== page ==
As we consider music's role in defining races, cultures, and species, musicologists may benefit from examining more closely the history of conceptions of musical style. That history offers an opportunity to reassess the question of how and how much one of the core tools of music scholarship—the recognition and categorization of musical style—reflects a historical tradition of categorizing culture as a form of essential, biologized difference. This exercise seems particularly relevant in the present moment, when scholarly style categories converge with a renewed interest in evolutionary science. Tracing notions of style from the days of Guido Adler to the present, I argue that classifications of musical style have offered a way for music scholars to explore changing concepts of human difference. By asking what it means to identify a musical style, it is possible to engage more sensitively with music's power to classify human cultures, define human beings, and demarcate the perimeter of the humanities.
Evolutionary Categories and Musical Style from Adler to America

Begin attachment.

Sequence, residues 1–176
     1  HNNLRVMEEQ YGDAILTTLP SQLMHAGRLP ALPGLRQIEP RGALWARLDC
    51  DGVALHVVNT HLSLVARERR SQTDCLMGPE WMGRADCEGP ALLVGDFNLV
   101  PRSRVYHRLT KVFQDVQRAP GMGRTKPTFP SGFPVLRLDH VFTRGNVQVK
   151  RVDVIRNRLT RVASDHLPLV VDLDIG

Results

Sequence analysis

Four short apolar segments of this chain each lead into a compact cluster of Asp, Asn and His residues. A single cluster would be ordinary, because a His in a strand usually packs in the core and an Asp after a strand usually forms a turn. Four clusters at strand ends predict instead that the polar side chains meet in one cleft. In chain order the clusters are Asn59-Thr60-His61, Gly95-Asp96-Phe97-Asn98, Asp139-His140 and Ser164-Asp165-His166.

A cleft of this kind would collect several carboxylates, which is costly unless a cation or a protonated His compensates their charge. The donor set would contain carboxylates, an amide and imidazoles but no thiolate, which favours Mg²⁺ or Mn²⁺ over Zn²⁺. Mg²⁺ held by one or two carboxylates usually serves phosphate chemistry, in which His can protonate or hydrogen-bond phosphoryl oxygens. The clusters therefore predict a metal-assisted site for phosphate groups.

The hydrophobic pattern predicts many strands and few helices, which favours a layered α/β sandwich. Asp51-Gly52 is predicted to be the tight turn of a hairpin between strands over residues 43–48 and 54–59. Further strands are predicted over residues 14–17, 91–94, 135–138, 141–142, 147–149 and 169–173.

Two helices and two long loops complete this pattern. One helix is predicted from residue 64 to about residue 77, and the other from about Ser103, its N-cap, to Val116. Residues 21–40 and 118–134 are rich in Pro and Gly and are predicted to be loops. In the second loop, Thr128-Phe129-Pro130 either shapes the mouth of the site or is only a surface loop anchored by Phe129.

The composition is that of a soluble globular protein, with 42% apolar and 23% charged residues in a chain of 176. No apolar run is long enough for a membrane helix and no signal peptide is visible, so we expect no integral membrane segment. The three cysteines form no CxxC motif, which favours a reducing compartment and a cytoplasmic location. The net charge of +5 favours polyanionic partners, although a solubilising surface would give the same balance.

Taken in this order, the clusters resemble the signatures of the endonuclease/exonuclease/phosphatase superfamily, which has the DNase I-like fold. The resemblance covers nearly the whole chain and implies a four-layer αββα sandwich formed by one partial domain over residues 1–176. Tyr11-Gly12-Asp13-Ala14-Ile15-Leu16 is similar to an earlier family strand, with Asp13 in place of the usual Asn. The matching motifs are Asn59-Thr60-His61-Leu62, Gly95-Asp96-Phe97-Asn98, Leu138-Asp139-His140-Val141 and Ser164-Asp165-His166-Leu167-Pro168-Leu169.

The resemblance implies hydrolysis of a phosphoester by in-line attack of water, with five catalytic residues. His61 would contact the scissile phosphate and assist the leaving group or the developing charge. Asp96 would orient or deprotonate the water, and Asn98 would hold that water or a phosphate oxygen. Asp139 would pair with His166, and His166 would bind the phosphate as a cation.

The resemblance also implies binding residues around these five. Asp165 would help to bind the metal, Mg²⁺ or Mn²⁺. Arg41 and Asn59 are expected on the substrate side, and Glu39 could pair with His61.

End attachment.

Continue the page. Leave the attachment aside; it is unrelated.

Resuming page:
Rachel Mundy is Assistant Professor of Musicology at the University of Pittsburgh. She specializes in twentieth-century sonic culture, with interests at the juncture of music, the history of science and technology, and animal studies. She is currently working on Animal Musicalities, a forthcoming book contracted with Wesleyan University Press that shows how music allowed listeners in the twentieth century to negotiate new ideas of species, culture, and human identity.
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Rachel Mundy; Evolutionary Categories and Musical Style from Adler to America. Journal of the American Musicological Society 1 December 2014; 67 (3): 735–768. doi: https://doi.org/10.1525/jams.2014.67.3.735
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